Review: Space on the Mall
by Jeff Foust
Peter Homer shows off the latest versions of his astronaut glove that won a NASA Centennial Challenges competition. (credit: J. Foust)
The exhibition is, in many respects, more a look ahead at what NASA plans to do in the years to come rather than what it has done in the last 50 years. Elements of the exploration program are front and center, including a model of the Ares 1 rocket and a mock lunar landscape that people can walk on and get their pictures taken with. Meanwhile, shunted away in a corner, almost hidden from view from the rest of the exhibition (although in plain sight to passing traffic on 14th Street), was an inflatable model of the Space Shuttle, sagging slightly.
If you can’t make it to the Folklife Festival (or if you’re not that enthusiastic about the idea of trekking across the Mall in near-tropical weather) the nearby National Air and Space Museum recently opened a temporary exhibition, “Space: A Journey to Our Future”. The exhibit is actually a version of a traveling exhibition that has been making the rounds the last couple of years, including museums in Indianapolis, Omaha, and Mexico City. (Museum officials said at a press event earlier this month that they had hoped to keep the exhibit open a little longer in January to accommodate people coming to Washington for the presidential inauguration, but the exhibit needs to be shipped to its next destination, Sacramento.)
The “Space: A Journey to Our Future” includes Ares and Orion models on display. (credit: J. Foust)
As the title suggests, the exhibit is primarily forward-looking, examining how humans will return to the Moon and go on to Mars and elsewhere in the solar system. The exhibit is crammed into a relatively tight area on the far eastern end of the museum’s lower level, near the food court, which doesn’t give it a lot of, well, space. There’s little in the way of historical artifacts in the exhibit (the rest of the museum, of course, more than makes up for this); instead there’s a walk-though model of what a lunar habitat might be like, and models of Orion and the Ares 1 and 5 (which were due to be replaced with a larger model of just the Ares 1 shortly after the exhibit opened in mid-June.) A miniature theater provides 360-degree video projections of a brief film about astronomy.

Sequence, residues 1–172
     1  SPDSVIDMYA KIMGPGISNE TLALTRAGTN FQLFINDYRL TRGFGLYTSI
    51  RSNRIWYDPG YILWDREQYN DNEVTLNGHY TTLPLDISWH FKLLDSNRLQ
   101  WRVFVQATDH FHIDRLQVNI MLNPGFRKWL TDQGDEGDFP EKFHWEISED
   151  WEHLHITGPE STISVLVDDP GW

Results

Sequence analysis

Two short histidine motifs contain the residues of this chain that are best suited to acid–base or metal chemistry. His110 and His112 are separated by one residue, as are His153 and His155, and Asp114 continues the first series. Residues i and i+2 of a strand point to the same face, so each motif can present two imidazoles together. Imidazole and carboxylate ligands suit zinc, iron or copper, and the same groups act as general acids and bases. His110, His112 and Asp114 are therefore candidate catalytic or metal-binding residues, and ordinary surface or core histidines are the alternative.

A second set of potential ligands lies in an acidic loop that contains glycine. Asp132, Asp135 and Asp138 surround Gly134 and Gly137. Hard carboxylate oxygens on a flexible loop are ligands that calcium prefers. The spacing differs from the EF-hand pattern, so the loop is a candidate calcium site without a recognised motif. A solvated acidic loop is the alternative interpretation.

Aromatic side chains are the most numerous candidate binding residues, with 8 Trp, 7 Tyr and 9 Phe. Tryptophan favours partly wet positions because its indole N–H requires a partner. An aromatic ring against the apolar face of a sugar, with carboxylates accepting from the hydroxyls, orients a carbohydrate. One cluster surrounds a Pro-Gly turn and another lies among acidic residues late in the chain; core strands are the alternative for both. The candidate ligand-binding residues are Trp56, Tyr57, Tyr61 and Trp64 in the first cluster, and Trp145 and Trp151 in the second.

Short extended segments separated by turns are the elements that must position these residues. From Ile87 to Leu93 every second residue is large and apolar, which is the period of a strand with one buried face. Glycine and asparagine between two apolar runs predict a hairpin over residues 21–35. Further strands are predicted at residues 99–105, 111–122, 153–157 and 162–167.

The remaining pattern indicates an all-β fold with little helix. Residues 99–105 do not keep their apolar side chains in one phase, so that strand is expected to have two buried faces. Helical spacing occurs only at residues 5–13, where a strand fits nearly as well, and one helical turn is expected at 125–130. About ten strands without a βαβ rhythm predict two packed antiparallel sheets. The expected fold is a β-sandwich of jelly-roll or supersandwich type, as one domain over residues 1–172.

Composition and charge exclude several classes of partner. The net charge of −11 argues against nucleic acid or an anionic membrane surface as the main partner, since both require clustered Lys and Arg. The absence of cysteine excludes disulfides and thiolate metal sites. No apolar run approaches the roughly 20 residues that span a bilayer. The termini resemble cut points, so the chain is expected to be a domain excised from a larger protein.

The exhibit does put an emphasis on interactivity, with mixed results. One display invites people to put together the cargo needed for a human mission to Mars from a list of items, given the limited capacity of the spacecraft (a hint: make sure to bring food and water, but also don’t forget a little entertainment.) Another offers people the opportunity build an Ares rocket by dragging and dropping components in the right place. However, this exhibit eschews tried-and-true touch screens for a high-tech approach where you waive your hand in the vicinity of a sensor that looks like a giant upside-down pair of headphones (or a sci-fi movie prop). The system was suffering some glitches during a pre-opening walkthrough; it also leaves one to wonder how it will work when, say, a crowd of kids tries to stick their hands into it at the same time.
Roger Launius of the National Air and Space Museum demonstrates—or at least tries to—an exhibit where people use an unusual interface to assemble a rocket model. (credit: J. Foust)
Neither the Folklife Festival nor the “Space: A Journey to Our Future” exhibit is worth a special trip to Washington; the latter is particularly underwhelming for enthusiasts, although that is in large part because it’s targeted at more general, and also to some degree younger, audiences. Both, though, demonstrate that even as NASA marks its 50th year of existence, it is trying hard to put its focus on its potential future, not its past.